The hydrolysis is carried out under reflux at a pot temperature of C. for one hour. An additional 500 ml of water is then and the reaction product is allowed to separate into two liquid phases. The lower aqueous is removed, and the polymer phase is neutralized with calcium hydroxide. The neutral product is dried at C. under reduced pressure (15 mm Hg) and filtered.

The resulting Terathane block-copolymer has a number average molecular weight of 1880, and contained 23% of neopentyl glycol units. The copolymer had a crystalline melting point of below C., while polytetramethylene glycol homopolymer of comparable molecular weight has a melt temperature of about C.


Co-polyether glycols were prepared from PTMEG 650 with PEG 200 (EXAMPLE 5A), and from PTMEG 1000 with PEG 200 (EXAMPLE 5B) using the procedure described in EXAMPLE 2 above. The co-polyether glycols were found to have number average molecular weights of 2092 for EXAMPLE 5A and 2050 for EXAMPLE 5B. Commercial TERATHANE.RTM. 2000 (EXAMPLE 5C) served as reference polyol.

A 2 liter flask fitted with an external heater, and internal temperature indicator, and stirrer was continually purged with dry nitrogen and used as a reaction vessel to convert the co-polyether glycols to polyurethanes.


The reaction vessel was charged with 1 mole (2092 g) of co-polyether glycol (EXAMPLE 5A) or (2036 g of TERATHANE.RTM. 2000 for EXAMPLE 5C) and 2 moles (180 g) of 1,4-butanediol and 0.02% Polycat 70, a commercially available polyurethane catalyst. The temperature of this mixture was maintained at C., and the vessel was vacuum degassed and purged with dry nitrogen. Three moles (750 g) of melted MDI (methylene diphenyldiisocyanate) at C. were then added. After thorough mixing, the reaction mass was poured at C. into steel molds preheated to C. The polyurethanes were cured 1 hour at C., and post-cured for 16 hours at C.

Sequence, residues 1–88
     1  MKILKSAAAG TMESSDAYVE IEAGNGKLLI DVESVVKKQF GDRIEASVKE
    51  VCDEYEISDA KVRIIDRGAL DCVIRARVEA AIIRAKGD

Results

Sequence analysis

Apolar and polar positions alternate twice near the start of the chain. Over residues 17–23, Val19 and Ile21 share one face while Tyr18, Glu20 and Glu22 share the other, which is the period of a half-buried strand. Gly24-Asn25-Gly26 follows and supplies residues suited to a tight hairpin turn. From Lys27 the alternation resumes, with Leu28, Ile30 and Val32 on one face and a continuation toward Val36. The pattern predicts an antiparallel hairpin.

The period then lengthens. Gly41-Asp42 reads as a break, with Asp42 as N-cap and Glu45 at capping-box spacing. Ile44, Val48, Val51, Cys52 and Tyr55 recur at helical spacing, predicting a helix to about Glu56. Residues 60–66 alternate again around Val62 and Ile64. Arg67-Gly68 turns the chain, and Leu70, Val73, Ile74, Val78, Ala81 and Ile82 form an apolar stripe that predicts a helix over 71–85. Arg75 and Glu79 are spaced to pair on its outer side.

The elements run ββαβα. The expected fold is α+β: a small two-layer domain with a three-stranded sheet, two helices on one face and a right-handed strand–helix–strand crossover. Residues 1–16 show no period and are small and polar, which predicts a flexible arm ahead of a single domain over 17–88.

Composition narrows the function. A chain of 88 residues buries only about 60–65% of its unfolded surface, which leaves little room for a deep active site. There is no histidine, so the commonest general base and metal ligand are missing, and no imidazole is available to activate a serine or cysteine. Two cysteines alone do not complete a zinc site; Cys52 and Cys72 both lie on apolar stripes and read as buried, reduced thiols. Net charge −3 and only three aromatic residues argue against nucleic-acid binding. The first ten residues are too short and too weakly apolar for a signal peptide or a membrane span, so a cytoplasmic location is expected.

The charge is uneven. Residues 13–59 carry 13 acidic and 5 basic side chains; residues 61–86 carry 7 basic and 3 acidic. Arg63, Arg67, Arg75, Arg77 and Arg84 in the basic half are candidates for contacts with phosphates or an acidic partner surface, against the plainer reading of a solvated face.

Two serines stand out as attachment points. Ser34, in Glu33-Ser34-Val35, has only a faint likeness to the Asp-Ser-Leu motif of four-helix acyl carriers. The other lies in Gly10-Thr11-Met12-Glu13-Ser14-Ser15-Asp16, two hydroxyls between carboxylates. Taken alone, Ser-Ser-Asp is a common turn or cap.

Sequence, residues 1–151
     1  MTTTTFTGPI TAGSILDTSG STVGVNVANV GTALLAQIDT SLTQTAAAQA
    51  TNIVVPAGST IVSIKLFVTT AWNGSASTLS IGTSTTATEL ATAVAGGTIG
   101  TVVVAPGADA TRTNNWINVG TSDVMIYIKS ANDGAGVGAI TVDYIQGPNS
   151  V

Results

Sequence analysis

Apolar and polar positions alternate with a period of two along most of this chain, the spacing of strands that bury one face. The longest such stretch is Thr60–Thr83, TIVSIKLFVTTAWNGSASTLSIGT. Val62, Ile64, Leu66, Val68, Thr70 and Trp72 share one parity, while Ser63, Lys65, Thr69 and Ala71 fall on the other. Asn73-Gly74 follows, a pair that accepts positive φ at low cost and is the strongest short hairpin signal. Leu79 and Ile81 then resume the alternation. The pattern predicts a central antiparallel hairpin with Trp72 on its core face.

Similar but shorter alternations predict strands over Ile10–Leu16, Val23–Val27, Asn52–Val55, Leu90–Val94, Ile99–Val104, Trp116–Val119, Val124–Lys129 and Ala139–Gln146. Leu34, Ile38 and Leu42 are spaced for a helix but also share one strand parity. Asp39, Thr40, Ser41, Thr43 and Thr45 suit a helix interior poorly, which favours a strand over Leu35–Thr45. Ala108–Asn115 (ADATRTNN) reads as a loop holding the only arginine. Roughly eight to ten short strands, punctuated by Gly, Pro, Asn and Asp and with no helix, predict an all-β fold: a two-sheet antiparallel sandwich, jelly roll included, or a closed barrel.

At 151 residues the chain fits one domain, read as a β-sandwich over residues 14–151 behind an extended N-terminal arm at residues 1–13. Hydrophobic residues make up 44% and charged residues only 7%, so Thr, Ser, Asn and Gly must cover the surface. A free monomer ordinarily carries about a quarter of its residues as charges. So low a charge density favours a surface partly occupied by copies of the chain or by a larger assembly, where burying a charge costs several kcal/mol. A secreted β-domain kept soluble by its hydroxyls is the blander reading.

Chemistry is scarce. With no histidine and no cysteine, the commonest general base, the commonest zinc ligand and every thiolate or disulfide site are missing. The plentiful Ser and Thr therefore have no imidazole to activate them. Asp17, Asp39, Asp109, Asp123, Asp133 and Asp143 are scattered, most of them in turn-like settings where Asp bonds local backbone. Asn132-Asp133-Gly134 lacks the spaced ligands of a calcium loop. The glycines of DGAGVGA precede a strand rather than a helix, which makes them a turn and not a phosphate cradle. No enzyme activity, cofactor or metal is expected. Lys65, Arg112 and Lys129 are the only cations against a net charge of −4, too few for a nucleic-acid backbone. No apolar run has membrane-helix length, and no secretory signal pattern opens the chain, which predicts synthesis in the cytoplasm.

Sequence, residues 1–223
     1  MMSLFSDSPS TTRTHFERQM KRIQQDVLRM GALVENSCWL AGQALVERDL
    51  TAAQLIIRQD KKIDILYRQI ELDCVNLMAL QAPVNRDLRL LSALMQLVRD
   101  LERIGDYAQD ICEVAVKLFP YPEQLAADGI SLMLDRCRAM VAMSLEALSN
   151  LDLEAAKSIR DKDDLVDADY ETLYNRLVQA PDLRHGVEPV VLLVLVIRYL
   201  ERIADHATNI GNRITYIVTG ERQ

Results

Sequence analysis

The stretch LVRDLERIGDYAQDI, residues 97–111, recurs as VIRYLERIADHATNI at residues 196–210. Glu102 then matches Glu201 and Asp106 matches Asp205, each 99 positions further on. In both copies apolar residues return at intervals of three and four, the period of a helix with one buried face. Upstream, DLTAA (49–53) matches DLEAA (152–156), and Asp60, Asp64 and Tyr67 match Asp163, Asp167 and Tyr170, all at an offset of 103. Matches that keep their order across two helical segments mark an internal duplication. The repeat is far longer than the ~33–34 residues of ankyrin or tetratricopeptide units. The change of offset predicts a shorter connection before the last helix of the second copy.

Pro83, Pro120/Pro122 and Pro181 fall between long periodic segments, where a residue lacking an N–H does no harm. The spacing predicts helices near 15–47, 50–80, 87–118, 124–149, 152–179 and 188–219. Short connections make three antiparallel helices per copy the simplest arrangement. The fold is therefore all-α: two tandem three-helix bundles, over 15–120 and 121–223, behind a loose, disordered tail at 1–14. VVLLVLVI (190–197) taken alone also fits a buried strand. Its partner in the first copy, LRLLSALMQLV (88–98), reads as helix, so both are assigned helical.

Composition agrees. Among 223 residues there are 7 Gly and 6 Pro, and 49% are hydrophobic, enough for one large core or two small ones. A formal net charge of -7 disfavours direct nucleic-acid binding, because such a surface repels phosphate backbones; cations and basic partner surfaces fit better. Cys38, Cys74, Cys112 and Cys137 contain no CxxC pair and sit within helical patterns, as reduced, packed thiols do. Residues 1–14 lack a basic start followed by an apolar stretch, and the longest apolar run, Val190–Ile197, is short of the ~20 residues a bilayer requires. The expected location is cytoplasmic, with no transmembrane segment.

EXAMPLE 5B employed no catalyst and used MDI and "TERATHANE" 1000/PEG 200 as the polyol in a 3.0 to 1.0 molar ratio to form a prepolymer. The polyol number average molecular weight was 2050, viscosity at C. was 7.74 poise and oxyethylene content by NMR was 35 mole percent. 1,4-butanediol (2.0 moles) was used as the chain extender for the final polyurethane. The curing regimen was the same as for EXAMPLE 5A and EXAMPLE 5C.

    Physical Test Data of Polyurethanes
              5A       5B         5C
              Mn 2092  Mn 2050    Mn 2036
    Hardness, A Scale
                76         65         85
    D Scale     24         22         35
    100% modulus, psi
                489        336        766
    300% Modulus, psi
                727        623        1377
    Elongation, 330        493        623
    % at break
    Tensile strength at
                751        1054       3828
    break, psi
    Water Vapor 4.82                  3.18
    g/100 Sq. in./24 hrs.
    % Volume Increase
    in 1 week at C. in:
    ASTM #1 Oil 1.90       0.66       3.94
    ASTM #3 Oil 31.88      28.66      38.41

The greater water vapor transmission of the EXAMPLE 5A and the improved resistance to swelling in hot oils of both EXAMPLE 5A and EXAMPLE 5B over the unmodified EXAMPLE 5C are regarded as valuable assets for certain end use applications such as seals.